The Cranes are Flying - Tatyana SamojlovaThe Cranes are Flying coalesces this suffering into a single character. Veronica may have lost her only true love in the war. She has also lost her home, her family, her self-respect, her social standing and has undergone tremendous trauma. She moves through wartime Russia as almost a non-person. She keeps her pain inside of her.

Then the film climaxes, and Veronica lets it all out. Her pain is transformed into a pain of victory, and is identified with the greater Russian cause.

Some leftists saw the film as anti-war. I disagree. Much like Saving Private Ryan, it acknowledges the horror and pointlessness of war, but without denigrating the cause. The movie legitimizes the trauma of the Russian people, and encourages them to see their pain as an act of patriotism, rather than a cause for discontent against the ruling regime.

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Beau travail

Beau travail (1999) dir. Claire Denis

Beau travailBeau travail is (loosely) adapted from Herman Melville’s Billy Budd, and takes its score from the 1951 opera also based on the novel. Denis takes us away from the world of 19th Century seafaring, and stages the action in a late 20th Century North African outpost of the French Legion.

The sand dunes replace the sea waves, but the sense of isolation and the pack-like male hierarchy is the same. Most readers of Melville’s Budd focus on the conflict between the character Budd’s goodness and the abuses under martial law. Denis takes a cue from other critics, including Eve Kosofsky Sedgwick, who pick up on the homosexual/homophobic currents of the work.

from the 1962 adaptation

from the 1962 adaptation

Sedgwick examines the novel, written in 1891, at its place in the development of the idea of homosexuality. It was present in Master-at-arms John Claggart, but not in a way he could consciously make part of his identity. He has what Melville calls a “natural depravity,” and an envy against Billy Budd that plays into the type (undeveloped in 1891) of the closeted homophobe. “To him [Claggart], the spirit lodged within Billy, and looking out from his welkin eyes as from windows, that ineffability it was which made the dimple in his dyed cheek, suppled his joints, and dancing in his yellow curls made him pre-eminently the Handsome Sailor.”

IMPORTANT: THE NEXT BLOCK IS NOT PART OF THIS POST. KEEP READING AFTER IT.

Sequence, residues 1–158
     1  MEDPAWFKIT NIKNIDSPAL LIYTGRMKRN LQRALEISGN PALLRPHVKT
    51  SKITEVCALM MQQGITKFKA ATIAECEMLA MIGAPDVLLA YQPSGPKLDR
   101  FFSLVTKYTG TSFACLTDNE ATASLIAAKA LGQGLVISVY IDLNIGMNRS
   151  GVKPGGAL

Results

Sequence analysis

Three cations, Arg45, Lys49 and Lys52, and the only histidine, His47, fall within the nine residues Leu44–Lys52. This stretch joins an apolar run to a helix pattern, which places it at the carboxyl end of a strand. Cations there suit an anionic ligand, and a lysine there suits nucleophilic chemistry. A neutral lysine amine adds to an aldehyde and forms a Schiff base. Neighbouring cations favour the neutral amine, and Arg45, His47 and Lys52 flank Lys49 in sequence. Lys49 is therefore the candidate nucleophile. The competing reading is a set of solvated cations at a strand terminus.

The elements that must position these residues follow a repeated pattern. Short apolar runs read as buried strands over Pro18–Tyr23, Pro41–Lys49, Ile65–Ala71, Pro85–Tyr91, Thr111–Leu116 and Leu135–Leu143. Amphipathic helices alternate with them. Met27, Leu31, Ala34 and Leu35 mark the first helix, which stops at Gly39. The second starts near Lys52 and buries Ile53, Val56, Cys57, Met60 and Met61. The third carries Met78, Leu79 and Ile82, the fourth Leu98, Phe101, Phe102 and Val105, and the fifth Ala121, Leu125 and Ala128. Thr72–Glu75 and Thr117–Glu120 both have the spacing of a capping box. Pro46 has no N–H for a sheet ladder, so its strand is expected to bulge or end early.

Denis develops this theme, casting Master Sergeant Galoup in the Claggart role. Galoup is jealous of the attention the attractive young Sentain gets from Galoup’s superior, but Galoup cannot articulate why. He contrives Sentain’s death.

Beau travailDenis twists Melville’s plot, in order to throw the focus entirely on Galoup. Galoup is the one who must face a court martial. His narration of the film was his self-examination leading up to his suicide. The ending suggests that Galoup, at the end, may have finally come to terms with part of who he is.

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Crash (1996)

Crash (1996) dir. David Cronenberg

Crash - Rosanna ArquetteCrash, in many ways, is the culmination of Cronenberg’s previous body horror work. In VideodromeThe Fly, and Dead Ringers, the eroticism for the grotesque destruction of the body and for medical apparatuses are always present, but not (usually) explicit. Crash, however, explores a world in which these fetishes are not only consciously acknowledged, but are acted upon.

How does this world differ from our own?

Cronenberg encourages us to look for the answer to this question. We watch the film from the perspective of a detached observer. The camera stays several feet away from the actors during sex scenes, instead of focusing on close-ups the way most romances do. The camera stays outside of the car for the most part.

CrashIn the car crash-fetishizing community, the men perform dangerous stunts to boost their adrenaline and to show off to women. The man most willing to take things the furthest without admitting fear is the man who consolidates the most power in the group. The women’s bodies are objectified, with their individual pieces lusted after for their own sake. Women are beaten and abused. The victims of all this violence are either unseen and ignored, or used and discarded.